Though there is no cure for this challenging disease, success can be measured in years of symptom-free, high-quality living.
Crohn’s disease is a very challenging condition to treat,” says Dr. Sunil Khurana. In the 80 years since Dr. Burrill B. Crohn described it in a medical paper, neither its precise cause nor a cure for it has been discovered.
Crohn’s disease (CD) is a chronic inflammatory disorder of the digestive tract. It most commonly affects the lower part of the small intestine and colon but can involve any area of the tract. In most people, it is diagnosed at an early age, between 15 and 35. Because its symptoms are similar to those of ulcerative colitis, another inflammatory bowel disease, and to other intestinal disorders, an extensive series of tests may be needed to arrive at a definitive diagnosis and to discover how much of the GI tract has been affected.
The main goal of treatment has traditionally been seen as controlling the inflammation as a means to relieving the major symptoms—such as abdominal pain, diarrhea, and rectal bleeding—and avoiding long-term complications, which can include the need for surgery. The particulars of the therapies employed depend on the location and severity of the disease and the individual’s response to the various medicines that are available.
As there is no cure, success is measured by control of inflammation and symptoms, and by the ability of therapy to invoke periods of remission. People with Crohn’s disease may be free of symptoms for years at a time, but “flare-ups” and recurrence of symptoms almost invariably occur.
Things are better now In earlier years, physicians focused heavily on symptom relief. “Now, there is enough data that shows that healing is the way to go,” says Dr. Khurana. “If the ulcers and the mucosal inflammation characterizing CD heals, the patient’s prognosis is much better.”
Several categories of drugs, using different mechanisms to control inflammation, have been available for some time. None are effective for every patient, and each has its own side effects and limitations, so the proper drug regimen is arrived at gradually.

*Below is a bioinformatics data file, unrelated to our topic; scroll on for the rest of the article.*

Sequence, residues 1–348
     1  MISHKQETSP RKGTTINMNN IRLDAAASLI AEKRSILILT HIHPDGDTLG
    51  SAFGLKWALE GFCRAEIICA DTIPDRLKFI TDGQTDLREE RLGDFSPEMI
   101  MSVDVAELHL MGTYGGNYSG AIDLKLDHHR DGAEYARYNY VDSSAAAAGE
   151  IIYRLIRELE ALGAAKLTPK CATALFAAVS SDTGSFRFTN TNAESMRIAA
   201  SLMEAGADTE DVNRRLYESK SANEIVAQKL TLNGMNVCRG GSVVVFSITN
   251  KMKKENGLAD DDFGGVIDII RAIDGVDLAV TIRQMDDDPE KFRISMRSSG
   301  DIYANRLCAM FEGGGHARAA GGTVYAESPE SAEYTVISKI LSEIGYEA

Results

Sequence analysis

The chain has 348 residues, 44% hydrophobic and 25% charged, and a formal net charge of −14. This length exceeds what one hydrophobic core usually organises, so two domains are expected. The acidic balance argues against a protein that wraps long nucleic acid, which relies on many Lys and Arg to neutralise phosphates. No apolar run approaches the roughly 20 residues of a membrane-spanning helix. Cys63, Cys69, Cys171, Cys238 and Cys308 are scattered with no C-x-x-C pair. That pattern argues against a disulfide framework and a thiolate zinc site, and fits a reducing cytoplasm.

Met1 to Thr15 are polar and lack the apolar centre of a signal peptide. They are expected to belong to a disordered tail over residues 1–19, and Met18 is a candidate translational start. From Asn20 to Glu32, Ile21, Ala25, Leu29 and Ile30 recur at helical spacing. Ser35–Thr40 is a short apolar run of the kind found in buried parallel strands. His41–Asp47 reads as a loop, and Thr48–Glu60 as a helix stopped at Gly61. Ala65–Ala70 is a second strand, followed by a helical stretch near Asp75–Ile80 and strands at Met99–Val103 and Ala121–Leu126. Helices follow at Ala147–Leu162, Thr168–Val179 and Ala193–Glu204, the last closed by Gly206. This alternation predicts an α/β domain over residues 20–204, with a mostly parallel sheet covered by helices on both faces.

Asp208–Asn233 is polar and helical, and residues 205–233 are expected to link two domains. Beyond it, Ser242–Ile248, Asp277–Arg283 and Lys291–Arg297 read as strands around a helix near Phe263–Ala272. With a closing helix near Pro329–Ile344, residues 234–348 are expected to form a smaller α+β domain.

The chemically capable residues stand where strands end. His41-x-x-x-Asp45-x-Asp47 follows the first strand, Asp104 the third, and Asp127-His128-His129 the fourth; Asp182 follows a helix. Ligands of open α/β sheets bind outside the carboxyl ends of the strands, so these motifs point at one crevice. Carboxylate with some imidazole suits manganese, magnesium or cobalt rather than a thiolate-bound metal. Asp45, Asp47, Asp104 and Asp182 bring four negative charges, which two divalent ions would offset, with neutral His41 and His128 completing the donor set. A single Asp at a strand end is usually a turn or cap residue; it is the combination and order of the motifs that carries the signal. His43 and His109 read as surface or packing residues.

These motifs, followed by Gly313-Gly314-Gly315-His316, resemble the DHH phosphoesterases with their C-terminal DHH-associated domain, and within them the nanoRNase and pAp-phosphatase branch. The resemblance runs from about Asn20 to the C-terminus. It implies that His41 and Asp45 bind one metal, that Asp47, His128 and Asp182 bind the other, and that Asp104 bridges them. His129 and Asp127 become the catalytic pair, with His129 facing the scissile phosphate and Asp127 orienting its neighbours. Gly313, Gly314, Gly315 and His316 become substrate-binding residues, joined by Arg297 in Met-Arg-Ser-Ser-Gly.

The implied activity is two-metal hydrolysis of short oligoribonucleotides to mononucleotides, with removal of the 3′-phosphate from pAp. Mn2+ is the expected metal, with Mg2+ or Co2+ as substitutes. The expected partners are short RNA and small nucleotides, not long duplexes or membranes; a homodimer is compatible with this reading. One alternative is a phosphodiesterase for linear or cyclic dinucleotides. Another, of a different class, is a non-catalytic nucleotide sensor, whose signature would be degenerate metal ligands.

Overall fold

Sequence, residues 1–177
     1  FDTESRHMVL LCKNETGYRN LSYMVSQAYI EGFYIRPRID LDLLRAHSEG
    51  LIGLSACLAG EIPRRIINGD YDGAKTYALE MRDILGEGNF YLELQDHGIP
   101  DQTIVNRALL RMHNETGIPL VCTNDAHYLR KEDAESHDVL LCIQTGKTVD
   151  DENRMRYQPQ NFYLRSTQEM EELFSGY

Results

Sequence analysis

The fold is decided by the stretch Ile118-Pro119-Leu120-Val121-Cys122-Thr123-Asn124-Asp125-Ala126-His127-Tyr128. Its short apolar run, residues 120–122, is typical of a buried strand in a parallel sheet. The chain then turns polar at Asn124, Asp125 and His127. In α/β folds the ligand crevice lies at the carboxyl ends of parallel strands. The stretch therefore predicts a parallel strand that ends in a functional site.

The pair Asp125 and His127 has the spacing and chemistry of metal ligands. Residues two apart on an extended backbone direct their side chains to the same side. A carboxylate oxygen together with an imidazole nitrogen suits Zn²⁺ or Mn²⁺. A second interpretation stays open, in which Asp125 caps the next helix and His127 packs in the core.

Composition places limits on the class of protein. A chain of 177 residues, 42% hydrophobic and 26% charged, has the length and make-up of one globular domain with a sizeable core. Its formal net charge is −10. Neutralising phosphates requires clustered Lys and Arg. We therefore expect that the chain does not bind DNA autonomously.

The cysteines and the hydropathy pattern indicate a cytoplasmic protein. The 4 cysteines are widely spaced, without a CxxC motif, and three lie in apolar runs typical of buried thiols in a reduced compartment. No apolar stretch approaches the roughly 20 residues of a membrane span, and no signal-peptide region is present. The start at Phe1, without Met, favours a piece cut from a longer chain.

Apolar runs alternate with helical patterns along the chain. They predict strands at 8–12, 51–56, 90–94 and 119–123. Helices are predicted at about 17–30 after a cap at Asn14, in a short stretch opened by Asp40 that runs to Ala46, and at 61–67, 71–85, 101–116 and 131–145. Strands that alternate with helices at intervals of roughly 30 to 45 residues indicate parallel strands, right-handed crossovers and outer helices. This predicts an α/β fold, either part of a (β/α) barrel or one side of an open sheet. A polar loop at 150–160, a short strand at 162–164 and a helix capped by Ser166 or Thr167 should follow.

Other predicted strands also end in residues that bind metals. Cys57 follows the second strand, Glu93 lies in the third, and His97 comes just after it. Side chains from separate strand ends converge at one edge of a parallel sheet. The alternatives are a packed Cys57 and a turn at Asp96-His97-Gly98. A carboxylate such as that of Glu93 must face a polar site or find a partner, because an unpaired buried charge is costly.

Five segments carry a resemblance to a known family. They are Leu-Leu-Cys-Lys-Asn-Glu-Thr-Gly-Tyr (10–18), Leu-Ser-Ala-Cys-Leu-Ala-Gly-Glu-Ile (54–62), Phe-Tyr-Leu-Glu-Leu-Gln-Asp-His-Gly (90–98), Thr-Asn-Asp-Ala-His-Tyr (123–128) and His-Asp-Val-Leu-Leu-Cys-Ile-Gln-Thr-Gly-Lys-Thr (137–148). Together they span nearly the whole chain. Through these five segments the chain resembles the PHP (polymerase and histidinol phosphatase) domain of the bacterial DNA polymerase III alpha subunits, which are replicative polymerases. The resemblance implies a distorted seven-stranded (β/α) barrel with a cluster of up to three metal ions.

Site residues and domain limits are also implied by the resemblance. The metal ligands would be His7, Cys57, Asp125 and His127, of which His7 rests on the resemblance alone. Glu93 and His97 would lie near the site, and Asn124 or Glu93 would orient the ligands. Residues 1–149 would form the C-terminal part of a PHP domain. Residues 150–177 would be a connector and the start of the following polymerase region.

In recent years, a new type of drug, called biologicals, has been approved for use in CD. Biologicals are proteins engineered to inhibit components of the immune system that play a role in inflammation.
In Dr. Khurana’s view, “physicians have to be aggressive enough to use biological agents early. You don’t fuss around for a year or two with older medications and use biologicals only as a last-line drug. You need to bring them on pretty early in the treatment. You can really change the course of the disease with these drugs and you can save some people from surgery.
“Things are demonstrably better now for people with Crohn’s disease,” says Khurana. “At one time it was often necessary for Crohn’s patients to be hospitalized following a flare-up or acute episode. With today’s newer medicines and treatment approaches, the need for many such hospitalizations is no longer there.”
Premier’s GI Division is now able to handle most people with CD as outpatients. It operates an infusion center where patients can receive regular infusions of crucial drugs like Remicade. “It’s convenient for patients,” says Khurana. “They don’t have to go to the hospital; they become familiar with the staff; see the same faces all the time… it’s like a social visit.”
Khurana is confident that Premier is able to give its GI patients the best treatment available. “Because we’ve been involved in multiple clinical studies of newer drugs, we are often able to offer treatment to patients who have not responded to established drugs or other protocols.”